Monday, March 2, 2015

Hooray! My Bones II Kickstarter minis are here!!



(Review and more pix later.  FYI, if you look closely at the lower right hand corner of the Thank You card, you'll see the signature "Jeff Vader".  I'm pretty sure it's a reference to the hilarious Star Wars Canteen sketch by Eddie Izzard.)

Saturday, February 28, 2015

My Bones II minis are on the way!

So I just got the official email from Reaper Miniatures that my set of Bones II minis from the kickstarter are on the way--estimated arrival this Tuesday.  I can hardly wait for this stupid weekend to be over!!!!  (Er, wait, what am I saying?)

Some Thoughts on Converting AD&D Monsters to Old School Hack

 Okay, so I'm not quite done with my current design obsession with Old School Hack.  A little while back I posted some ideas for future design projects along this line.  If there's one thing I have little problem doing, it's coming up with new ideas.

Recently I was looking over the D&D classics pdf versions of old modules on DrivethruRPG.  I was pleased to see that they had the old AD&D Desert of Desolation modules.  I ran these for my group using the Chivalry & Sorcery rules back in the day.  We had a lot of fun with them even though my conversion to C&S was pretty rough and ready, especially when it came to AD&D creatures which my game didn't have.

So then I was thinking, hey, what if I convert the Desert of Desolation modules to Old School Hack?  Hmm, well being the the real-world Lawful alignment that I am I immediately knew that I needed A System for that.  Now, Old School Hack contains many of the general concepts from the old school D&D games, but it's absolutely not one of the "clones".  That means that in some areas a simple conversion rule will suffice but in others I need to actually do a bit of thinking.  Since I want to be able to convert entire AD&D modules the conversion rules need to be quick and easy to apply.

So I jumped right into the first module, Pharaoh, and grabbed one of the first encounter tables.  This table has a wide range of creatures, which makes is a good starting place.  Here is an excerpt:

DESERT OF DESOLATION SPECIAL ENCOUNTER TABLE

Dervish Hunting Party (AC 6; MV12"; HD 4; hp 4d10; #AT 1; Dmg 1-8 + 2; AL LN)

Symbayan Airlancers (AC6;MV12";HD4;hp4d6;#AT 1; Dmg 1-8+2; AL LG) fly overhead in the distance on the
backs of Pegasi (AC 6; MV 24"/48"; HD 4; hp 4d6; #AT 3; Dmg 1 -8/1 -8/1 -3; AL CG

Purple Worm (AC 6; MV 9"; HD 15; hp 54; #AT 1 and 1; Dmg 2-24 (2d12)/1-4; AL N; tail has death poison).

Okay, so we go from 4HD dervish hunters to 15HD purple worms all in the same table.  The main characteristics we will have to convert are these six (well, okay, so the last one is a generic catch-all):

AC
Move
Attack Bonus
Hit Dice
Number of Attacks
Damage
Special Stuff


Let's take them one by one:

AC - In OSH, AC is a roll-over system rather than roll-under and go from 8 (no armor) to 16 (Uber armor).  The AD&D ACs go from 10 (no armor) to -2 or more.  So we can do a rough conversion chart like this:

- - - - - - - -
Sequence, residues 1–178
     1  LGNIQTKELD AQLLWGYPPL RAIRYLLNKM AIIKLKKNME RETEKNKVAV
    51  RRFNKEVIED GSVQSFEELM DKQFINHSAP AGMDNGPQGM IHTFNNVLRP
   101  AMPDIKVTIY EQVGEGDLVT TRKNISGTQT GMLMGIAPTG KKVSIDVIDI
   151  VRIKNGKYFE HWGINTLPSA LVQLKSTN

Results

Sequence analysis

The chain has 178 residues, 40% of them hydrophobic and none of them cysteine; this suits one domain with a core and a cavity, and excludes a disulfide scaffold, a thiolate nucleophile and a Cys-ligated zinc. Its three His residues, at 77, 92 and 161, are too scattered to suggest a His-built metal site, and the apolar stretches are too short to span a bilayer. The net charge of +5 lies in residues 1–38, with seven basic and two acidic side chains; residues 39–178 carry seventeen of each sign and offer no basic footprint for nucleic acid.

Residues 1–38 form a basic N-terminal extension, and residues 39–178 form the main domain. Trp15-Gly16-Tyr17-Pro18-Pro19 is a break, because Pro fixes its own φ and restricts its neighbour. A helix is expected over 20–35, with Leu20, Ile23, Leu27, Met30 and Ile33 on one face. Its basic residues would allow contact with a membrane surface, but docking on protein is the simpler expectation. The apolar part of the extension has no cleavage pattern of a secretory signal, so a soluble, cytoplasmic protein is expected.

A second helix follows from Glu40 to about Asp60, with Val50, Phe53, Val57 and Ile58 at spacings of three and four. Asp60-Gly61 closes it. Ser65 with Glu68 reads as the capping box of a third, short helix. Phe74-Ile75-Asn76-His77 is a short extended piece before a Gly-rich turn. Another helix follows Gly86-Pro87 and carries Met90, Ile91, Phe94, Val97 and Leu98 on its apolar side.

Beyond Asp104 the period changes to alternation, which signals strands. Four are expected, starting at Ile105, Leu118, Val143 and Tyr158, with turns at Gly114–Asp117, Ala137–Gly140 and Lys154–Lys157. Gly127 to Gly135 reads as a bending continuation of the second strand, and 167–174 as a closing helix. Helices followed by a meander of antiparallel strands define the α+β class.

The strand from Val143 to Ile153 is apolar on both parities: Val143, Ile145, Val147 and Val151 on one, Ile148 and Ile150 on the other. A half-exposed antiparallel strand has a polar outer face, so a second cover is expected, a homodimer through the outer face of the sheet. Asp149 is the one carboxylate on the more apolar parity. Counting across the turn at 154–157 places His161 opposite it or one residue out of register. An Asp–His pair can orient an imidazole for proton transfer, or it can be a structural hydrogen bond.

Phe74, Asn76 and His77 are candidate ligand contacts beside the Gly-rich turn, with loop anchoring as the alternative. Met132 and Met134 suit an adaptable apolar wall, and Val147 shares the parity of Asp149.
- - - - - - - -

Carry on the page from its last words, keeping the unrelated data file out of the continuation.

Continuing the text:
AD&D = OSH
10 = 8
9 = 9
8 = 10
7 = 11
6 = 12
5 = 13
4 = 14
3 = 15
2 = 16
1 = 17
0 = 18
...etc.

Move - Hmm, well OSH doesn't bother detailing movement rates; the easiest thing is just use the rates from AD&D.

Attack Bonus -  In AD&D character classes get increased attack bonuses with higher levels and monsters get bonuses which rise with the number of their hit dice.  OSH is a very flat system, where characters basically start with and stay with 5 HP and there are almost no increases to attack bonuses.  The easy fix is to go with what's in OSH, which basically means ignoring bonuses for all NPCs and monsters.

Hit Dice - The easy way is one AD&D HD = one OSH Hit Point; there, that was easy.

Number of Attacks - what it says.

Damage - Okay, here's where it gets tricky.  In AD&D, damage has high granularity ranging from 1d2 to multiple dice of varying sizes such as the 2d12 for the purple worm above.  OSH attacks, however, deal "wounds" which are low-granularity lumps of damage.  OSH damages is more "yes or no damage" versus "high or low damage".  Plus, OSH damage comes in three classes, normal (one point of damage), heavy (two points), and very heavy (two points, or three if you roll well over the opponent's AC).  Wow, this is tough.  We can simplify it down to:
AD&D = OSH
1 damage die = 1 damage
2 damage dice = 2 damage
3  damage dice = 3 damage
4 or more damage dice = 4 damage

This damage conversion approach is very rough and I don't think it will properly reflect the AD&D damage ranges.  A more "accurate" approach would be based on working out the average damage for the creature's attack and using that as the value for conversion to OSH damage.  However AD&D has many, many different dice combinations for damage and I really don't feel like making up a huge chart of them all and working out all the averages.  The above chart is much simpler.

So then, back to the encounter table above.  Applying the conversion rules above we get:

OSH DESERT OF DESOLATION SPECIAL ENCOUNTER TABLE

Dervish Hunting Party (AC 12; MV 12"; HP 4; #AT 1; Dmg 1; AL LN)

Symbayan Airlancers (AC 12; MV 12";HP 4; #AT 1; Dmg 1; AL LG) fly overhead in the distance on the backs of Pegasi (AC 12; MV 24"/48"; HP 4; #AT 3; Dmg 1/1/1; AL CG

Purple Worm (AC 12; MV 9"; HP 15; #AT 1 and 1; Dmg 2 / 1; AL N; tail has death poison).

Tuesday, February 24, 2015